In wet places in the Australian rainforest dwells Cyrtandra baileyi, a delicate relative of the African violet. This shrub which appears to be restricted to permanently wet places in rainforest, is endemic to the region and was first collected by botanist Frederick Manson Bailey.
At a first glance, one might interpret Cyrtandra to have alternate leaves, but closer inspection would reveal a rather strange feature – at each leaf node, there is pointed appendage opposite each leaf. Cyrtandra actually has opposite leaves, one of which is greatly reduced.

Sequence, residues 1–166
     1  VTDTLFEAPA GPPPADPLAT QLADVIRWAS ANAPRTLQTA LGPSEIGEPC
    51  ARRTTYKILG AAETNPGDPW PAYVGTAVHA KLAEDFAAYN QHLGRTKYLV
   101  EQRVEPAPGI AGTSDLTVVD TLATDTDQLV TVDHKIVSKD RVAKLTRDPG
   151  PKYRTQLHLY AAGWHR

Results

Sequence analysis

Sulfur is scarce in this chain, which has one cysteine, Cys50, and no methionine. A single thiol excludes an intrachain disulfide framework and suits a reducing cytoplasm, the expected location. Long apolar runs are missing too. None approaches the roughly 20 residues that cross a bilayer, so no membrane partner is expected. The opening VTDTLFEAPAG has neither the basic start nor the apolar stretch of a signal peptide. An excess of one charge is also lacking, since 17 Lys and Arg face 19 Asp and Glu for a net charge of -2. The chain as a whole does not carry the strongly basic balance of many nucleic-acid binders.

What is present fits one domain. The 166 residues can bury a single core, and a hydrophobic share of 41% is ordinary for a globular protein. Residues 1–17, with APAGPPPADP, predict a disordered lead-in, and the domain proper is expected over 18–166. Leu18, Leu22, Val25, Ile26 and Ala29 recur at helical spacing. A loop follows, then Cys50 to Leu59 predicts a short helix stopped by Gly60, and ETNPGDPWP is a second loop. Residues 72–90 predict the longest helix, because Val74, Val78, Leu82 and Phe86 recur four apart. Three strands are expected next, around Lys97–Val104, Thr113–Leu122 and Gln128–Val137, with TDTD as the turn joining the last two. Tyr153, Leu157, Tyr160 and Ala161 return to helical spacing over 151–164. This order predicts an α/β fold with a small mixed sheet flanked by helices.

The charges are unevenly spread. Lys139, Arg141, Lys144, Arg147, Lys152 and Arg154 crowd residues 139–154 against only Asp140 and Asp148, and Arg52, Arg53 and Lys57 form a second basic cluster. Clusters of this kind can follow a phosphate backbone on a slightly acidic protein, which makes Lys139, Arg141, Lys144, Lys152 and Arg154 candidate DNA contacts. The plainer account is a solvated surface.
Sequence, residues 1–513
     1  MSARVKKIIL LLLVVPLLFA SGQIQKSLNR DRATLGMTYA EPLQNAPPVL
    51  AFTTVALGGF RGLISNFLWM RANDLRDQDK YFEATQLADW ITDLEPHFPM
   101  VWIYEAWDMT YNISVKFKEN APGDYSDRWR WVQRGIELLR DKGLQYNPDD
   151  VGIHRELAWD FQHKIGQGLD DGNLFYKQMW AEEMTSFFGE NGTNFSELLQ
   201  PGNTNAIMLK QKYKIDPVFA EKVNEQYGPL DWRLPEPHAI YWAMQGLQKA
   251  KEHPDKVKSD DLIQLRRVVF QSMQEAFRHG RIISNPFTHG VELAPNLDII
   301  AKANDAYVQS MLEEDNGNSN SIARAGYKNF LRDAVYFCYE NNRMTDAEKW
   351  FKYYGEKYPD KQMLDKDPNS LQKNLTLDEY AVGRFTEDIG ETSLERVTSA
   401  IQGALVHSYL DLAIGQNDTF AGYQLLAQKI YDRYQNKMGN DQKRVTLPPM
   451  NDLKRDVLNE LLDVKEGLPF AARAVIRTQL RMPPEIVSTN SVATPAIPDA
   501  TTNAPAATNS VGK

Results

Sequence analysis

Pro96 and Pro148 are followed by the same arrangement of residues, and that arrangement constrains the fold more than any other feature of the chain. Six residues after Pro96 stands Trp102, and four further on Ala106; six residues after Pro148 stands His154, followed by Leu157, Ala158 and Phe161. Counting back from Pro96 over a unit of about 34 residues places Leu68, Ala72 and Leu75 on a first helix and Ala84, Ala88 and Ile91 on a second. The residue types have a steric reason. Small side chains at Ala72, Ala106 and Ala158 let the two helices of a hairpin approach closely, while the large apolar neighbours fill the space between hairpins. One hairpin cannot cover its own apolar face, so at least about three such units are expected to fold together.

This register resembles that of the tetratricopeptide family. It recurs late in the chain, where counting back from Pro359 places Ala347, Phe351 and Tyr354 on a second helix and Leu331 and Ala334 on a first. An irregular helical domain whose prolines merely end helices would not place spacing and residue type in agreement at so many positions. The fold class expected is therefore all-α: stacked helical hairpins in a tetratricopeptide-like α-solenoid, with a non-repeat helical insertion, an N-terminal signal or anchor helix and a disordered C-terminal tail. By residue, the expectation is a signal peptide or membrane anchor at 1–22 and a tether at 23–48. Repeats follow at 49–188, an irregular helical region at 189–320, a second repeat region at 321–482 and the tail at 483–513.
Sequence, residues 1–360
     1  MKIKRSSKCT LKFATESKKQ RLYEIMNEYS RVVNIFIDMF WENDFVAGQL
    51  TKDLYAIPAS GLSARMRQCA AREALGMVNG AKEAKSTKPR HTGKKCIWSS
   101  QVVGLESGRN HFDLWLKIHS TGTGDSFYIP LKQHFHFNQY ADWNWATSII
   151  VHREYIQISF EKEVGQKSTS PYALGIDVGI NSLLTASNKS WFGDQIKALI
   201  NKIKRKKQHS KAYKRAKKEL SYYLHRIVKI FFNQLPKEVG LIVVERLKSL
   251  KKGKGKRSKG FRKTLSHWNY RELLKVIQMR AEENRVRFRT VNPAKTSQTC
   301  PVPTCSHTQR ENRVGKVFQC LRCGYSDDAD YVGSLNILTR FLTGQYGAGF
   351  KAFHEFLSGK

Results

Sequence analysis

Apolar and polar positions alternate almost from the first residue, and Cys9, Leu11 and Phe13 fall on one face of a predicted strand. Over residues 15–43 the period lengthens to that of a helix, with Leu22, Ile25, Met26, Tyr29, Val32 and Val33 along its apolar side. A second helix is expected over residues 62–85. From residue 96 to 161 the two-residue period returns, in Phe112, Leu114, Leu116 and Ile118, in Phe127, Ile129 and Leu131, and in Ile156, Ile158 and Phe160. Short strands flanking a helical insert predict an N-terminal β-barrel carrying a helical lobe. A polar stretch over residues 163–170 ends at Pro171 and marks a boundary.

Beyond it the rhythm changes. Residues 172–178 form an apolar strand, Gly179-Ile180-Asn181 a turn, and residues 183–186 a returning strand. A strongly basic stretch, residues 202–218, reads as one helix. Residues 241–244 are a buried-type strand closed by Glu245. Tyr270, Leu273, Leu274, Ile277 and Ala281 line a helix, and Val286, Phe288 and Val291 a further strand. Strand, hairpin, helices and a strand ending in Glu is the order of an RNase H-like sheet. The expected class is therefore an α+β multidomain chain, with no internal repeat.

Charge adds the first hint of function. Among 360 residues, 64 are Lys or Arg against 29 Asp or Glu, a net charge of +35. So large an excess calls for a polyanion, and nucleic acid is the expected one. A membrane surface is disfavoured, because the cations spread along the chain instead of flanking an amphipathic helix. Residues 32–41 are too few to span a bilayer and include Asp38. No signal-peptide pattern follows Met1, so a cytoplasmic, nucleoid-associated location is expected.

What came to my mind was a rather macabre analogy: Cyrtandra has a leaf with a “vanishing twin” – the phenomenon in animals where a fetus in a multi-gestation pregnancy which dies in utero and is then partially or completely reabsorbed by the twin.
Interestingly, there are other plants that do this, but that is another story for another time.